Date: 30th December 2014
We skipped few stops which are not so important to us and instead ask the cyclo driver to drop us at Benh Than Market as the last delivered point. They have no issue to follow our request so long as it’s within their contracting hours, i.e. 2.5 hours. We were lucky as they dropped us right in front of the halal local restaurant, Hajah Bashiroh being famous for a Vietnamese Beef Noodle soup that was on Anne’s search list a night before. There are many other halal restaurant in a nearby area too. After we bid our farewell, we went inside and a bit surprised to discover quite a number of Malaysians were enjoying their meals. Everybody spoke in our mother tongue including the waiter and the cashier. We did shopping in remaining hours. By the time we took a cab back to the hotel, we were too exhausted.
Ben Thanh Market is a large marketplace in a central district (district 1) of Saigon city. The market is one of the earliest surviving structures in Saigon which had an important symbol of the Ho Chi Minh City. The city has been an attractive tour destination for most Malaysian “Makciks” who would love to crowd the place with other tourists seeking for local handicrafts, textiles, souvenirs and as well as local cuisine. Surprisingly to find quite a number of vendor who speaks a remarkable Malay language inside the market too, it shows how much Malaysian tourist (the makciks). Remarks: Makcik means aunties in Malay word/language.
The market developed from an informal markets created by early 17th century street vendors gathering together near the Saigon River. It was formally established by the French colonial powers after taking over the Gia Dinh citadel (former province of South Vietnam surrounding Saigon city in 1859). This market was destroyed by fire in 1870 and was rebuilt which later became Saigon's largest market. In 1912 the market was moved to a new building and called the New Ben Thanh Market to distinguish over its predecessor. The building was renovated in 1985.
Apart from being a major hub for the network of city buses serving Ho Chin Minh City, Ben Thanh Market is also a hub for several lines of the planned Ho Chi Minh City Metro; Line 1, currently under construction which will connect Ben Thanh with Suoi Tien Park and Long Binh in District 9. On separate note with regards to Line 1 Metro construction, scheduled for completion in 2018, the city government has approved the USD1.1 billion budget in 2007. The metro will run for 19.7 km from Ben Thanh Market, underground for 2.6 km past the Opera House, Ba Son Shipyard, and then cross the Saigon River on an elevated track, passing through District 2 on the way to Suoi Tien Park and the terminus in Long Binh in District 9. In all, Line 1 will include 14 stations, with 3 underground stations (Ben Thanh, the Opera House and Ba Son). Line 2 is also under construction.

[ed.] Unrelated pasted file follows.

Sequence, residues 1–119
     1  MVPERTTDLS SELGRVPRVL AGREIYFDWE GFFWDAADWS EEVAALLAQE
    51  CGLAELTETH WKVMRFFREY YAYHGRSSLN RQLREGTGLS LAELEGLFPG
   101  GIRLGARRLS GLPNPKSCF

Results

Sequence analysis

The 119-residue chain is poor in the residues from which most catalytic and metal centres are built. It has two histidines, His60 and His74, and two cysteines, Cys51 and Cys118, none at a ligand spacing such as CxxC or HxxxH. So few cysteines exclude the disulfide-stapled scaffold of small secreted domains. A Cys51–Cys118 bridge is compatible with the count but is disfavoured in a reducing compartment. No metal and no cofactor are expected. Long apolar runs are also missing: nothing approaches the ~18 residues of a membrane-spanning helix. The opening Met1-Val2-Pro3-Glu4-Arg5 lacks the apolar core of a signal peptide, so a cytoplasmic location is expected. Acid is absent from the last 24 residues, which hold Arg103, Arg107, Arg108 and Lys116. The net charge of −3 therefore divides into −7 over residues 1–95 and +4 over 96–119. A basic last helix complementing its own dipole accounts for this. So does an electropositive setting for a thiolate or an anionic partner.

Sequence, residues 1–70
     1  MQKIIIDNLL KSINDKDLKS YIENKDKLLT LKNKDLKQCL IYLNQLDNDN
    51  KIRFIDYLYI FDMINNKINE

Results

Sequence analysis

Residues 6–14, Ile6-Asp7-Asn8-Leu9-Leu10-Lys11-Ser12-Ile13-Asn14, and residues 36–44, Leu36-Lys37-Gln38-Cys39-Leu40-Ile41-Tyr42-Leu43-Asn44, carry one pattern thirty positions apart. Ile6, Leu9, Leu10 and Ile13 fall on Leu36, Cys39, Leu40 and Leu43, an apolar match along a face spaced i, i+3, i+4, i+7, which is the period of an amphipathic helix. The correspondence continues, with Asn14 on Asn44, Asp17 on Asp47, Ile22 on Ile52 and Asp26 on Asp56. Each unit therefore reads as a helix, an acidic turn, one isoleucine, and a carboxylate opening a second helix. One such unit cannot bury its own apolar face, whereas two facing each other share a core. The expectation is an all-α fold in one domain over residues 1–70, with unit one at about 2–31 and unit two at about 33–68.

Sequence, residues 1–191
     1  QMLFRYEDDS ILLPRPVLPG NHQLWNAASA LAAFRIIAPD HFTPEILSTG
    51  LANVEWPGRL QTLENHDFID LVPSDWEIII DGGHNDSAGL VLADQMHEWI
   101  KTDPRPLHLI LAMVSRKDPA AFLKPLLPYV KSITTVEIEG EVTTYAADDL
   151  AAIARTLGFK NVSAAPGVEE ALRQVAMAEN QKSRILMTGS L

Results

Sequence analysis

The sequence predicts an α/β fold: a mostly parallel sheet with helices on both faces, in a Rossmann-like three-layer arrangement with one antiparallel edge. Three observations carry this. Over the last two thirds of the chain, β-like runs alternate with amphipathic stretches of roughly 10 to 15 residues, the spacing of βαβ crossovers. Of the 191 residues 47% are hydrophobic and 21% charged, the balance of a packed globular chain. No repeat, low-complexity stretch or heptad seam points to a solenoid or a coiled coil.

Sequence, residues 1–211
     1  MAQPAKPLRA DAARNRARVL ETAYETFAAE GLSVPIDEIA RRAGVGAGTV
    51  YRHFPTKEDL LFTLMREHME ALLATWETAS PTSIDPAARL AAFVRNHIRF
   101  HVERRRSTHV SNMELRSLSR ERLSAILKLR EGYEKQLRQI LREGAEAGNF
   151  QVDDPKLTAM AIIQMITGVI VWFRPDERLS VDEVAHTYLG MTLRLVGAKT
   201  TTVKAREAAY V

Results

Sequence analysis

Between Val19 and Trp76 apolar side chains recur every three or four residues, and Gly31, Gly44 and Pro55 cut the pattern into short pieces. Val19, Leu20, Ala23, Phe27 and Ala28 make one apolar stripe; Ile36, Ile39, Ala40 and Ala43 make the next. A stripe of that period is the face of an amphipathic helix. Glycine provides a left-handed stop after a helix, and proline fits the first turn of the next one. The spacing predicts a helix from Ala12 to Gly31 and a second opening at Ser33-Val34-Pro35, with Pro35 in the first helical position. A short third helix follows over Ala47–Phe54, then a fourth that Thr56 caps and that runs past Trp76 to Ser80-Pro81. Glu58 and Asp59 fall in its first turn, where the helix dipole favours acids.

|The vendor who speaks good Malay, an excellent marketing girl who made Anne lost her words during bargaining|
Ben Thanh Market is one of the most recognizable landmarks in the city, whereby this prominent shopping center was built in 1914 by the French, who originally named it as “Les Halles Centrales” or the Central Market Hall. The main structure that houses the market is made of reinforced concrete and occupies an enormous area. Its most famous feature is the massive clock tower that dominates the neighbourhood.
It is home to several hundred shopkeepers. The market offers an amazingly extensive and varied selection of merchandise, ranging from food and leather goods to household items and clothing, as well as hardware and livestock. The atmosphere here is one of high energy and tremendous bustle as products arrive from around the country and, throughout the day, merchants sing out their wares, customers haggle, and tourists wander in search of great deals.
Kindly take notes that there are many gates to the inside market. On entering through the main portal on Le Loi Boulevard, general merchandise is on the left. To the right is closing and textiles. Moving farther in, to the right are dry goods, such as tea, coffee, and spices, as well as packaged foods. Halfway in, fresh foods are on the right and food stalls, where meals are available, to the left. The eateries here are famous for both quality and price. Since the signage is in English as well as Vietnamese, you will have no problem to order by simply pointing to the posted menu.